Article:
Destination guide: Cuzco

Useful information about Cuzco



Cuzco's cuisine stands out from the other Peruvian gastronomy for its flavor and aroma, but also because of the generous variety of dishes prepared with local products like lamb, suckling pig and a type of rodent similar to rabbit that is called "cuy". Tubers (such as potatoes) and corn are an important part of each meal, as are chilies and herbs for added flavor.



The official currency of Peru is the Nuevo Sol (Sl.) which is comprised of 100 centimos. Bills are available in 10, 20, 50, 100 or 200 Nuevos Soles. Coins are available in 1, 2 or 5 Nuevos Soles and 1, 5, 10, 20 or 50 centimos.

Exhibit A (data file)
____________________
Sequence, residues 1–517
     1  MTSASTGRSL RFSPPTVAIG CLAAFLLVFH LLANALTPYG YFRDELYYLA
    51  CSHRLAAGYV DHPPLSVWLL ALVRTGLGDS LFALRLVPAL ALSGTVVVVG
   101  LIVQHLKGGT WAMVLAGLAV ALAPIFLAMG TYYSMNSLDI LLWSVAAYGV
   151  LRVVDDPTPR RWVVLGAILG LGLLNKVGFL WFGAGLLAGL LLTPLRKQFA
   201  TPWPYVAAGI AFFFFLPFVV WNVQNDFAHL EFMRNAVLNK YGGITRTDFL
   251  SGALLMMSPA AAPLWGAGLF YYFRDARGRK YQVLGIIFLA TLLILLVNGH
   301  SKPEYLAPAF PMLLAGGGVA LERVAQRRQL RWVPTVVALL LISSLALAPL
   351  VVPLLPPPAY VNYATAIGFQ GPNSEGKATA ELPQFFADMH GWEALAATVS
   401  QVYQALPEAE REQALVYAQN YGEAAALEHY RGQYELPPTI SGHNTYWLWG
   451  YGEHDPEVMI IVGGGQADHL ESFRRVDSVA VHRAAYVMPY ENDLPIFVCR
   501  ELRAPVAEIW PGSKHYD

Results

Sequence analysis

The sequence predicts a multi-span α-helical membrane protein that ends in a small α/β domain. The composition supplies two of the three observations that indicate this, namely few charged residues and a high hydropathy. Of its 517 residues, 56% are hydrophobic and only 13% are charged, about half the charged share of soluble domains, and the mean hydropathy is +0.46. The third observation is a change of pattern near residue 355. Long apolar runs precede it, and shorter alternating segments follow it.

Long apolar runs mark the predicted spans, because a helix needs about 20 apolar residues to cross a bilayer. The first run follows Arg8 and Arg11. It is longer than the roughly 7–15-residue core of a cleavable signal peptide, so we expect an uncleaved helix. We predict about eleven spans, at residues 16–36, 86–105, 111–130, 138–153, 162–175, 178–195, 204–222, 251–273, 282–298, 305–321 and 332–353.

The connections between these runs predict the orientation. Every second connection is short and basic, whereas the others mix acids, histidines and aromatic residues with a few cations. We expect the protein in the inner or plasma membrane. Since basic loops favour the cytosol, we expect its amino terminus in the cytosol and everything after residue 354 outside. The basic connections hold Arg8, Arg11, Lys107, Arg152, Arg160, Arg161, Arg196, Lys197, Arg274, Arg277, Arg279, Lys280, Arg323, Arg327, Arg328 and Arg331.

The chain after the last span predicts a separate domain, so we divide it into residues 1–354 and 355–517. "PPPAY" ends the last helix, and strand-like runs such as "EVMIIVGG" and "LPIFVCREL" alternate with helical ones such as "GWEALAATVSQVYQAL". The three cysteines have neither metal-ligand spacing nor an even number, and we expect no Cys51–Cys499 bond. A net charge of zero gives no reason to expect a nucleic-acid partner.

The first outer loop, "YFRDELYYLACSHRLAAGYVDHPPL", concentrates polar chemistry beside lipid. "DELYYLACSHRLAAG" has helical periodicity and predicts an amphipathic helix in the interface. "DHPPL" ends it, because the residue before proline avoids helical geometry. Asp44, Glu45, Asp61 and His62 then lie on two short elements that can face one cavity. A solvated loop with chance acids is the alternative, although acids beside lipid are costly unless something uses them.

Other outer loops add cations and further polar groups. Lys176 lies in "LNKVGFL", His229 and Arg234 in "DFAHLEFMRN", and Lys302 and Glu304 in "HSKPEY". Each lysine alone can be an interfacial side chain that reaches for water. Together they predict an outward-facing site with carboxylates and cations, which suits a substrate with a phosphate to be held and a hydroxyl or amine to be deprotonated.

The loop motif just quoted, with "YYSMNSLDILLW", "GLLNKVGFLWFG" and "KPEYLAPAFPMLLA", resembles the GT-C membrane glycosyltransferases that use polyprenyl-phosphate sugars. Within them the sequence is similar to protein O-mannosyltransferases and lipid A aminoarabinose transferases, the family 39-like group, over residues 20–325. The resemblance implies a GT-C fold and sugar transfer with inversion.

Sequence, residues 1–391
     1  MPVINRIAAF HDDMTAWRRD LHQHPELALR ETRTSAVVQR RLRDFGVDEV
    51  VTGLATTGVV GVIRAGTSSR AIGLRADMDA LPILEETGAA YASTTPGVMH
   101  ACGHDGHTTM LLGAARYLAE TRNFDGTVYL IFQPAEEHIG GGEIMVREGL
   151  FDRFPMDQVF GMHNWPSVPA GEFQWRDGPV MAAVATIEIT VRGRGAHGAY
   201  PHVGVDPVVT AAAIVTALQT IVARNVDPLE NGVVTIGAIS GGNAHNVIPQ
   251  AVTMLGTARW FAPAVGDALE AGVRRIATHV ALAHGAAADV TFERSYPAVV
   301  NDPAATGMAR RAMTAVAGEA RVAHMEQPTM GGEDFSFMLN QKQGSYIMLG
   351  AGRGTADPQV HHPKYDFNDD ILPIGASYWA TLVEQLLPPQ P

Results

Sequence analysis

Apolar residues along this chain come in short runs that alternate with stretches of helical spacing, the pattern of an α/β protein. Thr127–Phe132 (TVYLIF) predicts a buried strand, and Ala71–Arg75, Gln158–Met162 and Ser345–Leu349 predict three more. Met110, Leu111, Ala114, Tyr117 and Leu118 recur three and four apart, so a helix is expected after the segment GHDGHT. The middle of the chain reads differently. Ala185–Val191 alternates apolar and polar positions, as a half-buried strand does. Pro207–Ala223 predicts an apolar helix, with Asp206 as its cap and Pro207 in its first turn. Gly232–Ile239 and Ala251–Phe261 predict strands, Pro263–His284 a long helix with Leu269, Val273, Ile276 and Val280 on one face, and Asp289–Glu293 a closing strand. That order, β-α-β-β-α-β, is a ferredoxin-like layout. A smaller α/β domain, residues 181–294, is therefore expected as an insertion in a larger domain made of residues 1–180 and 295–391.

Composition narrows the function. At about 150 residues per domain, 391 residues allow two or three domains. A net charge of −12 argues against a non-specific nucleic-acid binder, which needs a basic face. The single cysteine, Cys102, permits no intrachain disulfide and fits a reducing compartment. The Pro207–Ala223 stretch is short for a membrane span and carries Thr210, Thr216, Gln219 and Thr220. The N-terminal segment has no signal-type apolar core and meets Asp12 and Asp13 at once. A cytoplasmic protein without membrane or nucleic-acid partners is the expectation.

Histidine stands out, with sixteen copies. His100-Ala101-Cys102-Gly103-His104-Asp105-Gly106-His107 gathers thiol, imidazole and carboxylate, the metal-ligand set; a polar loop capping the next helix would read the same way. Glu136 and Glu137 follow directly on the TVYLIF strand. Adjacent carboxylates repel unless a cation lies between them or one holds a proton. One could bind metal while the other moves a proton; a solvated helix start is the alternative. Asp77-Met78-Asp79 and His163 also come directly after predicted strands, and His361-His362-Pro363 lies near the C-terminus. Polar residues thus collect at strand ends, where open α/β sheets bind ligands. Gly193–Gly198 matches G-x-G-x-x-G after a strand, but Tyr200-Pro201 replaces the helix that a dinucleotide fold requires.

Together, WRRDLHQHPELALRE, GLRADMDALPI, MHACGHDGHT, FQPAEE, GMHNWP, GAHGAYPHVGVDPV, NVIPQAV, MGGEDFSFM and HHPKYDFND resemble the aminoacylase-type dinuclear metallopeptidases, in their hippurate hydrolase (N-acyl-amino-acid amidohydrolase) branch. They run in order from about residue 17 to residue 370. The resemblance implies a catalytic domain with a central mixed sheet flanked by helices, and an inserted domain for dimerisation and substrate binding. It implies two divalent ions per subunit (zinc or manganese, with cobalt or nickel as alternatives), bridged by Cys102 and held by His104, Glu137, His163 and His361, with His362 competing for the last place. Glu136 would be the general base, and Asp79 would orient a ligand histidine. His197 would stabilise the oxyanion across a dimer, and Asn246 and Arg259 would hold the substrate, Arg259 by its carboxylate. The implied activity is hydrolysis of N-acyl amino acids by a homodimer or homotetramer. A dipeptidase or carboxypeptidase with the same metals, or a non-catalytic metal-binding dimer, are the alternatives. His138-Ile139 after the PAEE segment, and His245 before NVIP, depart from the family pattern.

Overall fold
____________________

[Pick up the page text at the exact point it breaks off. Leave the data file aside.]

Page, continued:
An 18% General Sales Tax (GST) is applied to the purchase of all goods and services in the country except for vacation packages purchased overseas. Hotels and restaurants add an additional 10%.

By law, the tax must already be included in the end price.


Official language

The official language of Peru is Spanish. However, the Quechua and Aymara indigenous dialects are still spoken in several zones of the country.


Time zone

In your travels to Cuzco or other Peruvian cities, you should adjust your watch to GMT -5.


Electric current

Electrical outlets in Cuzco operate at 220 volts and 60 Hertz. If any of your electronic devices operate at a different voltage, you are encouraged to travel with a power adaptor.


Travel tips

Out for drinks in South America
Gastronomic variety in the southern side of the world
Out to party in South America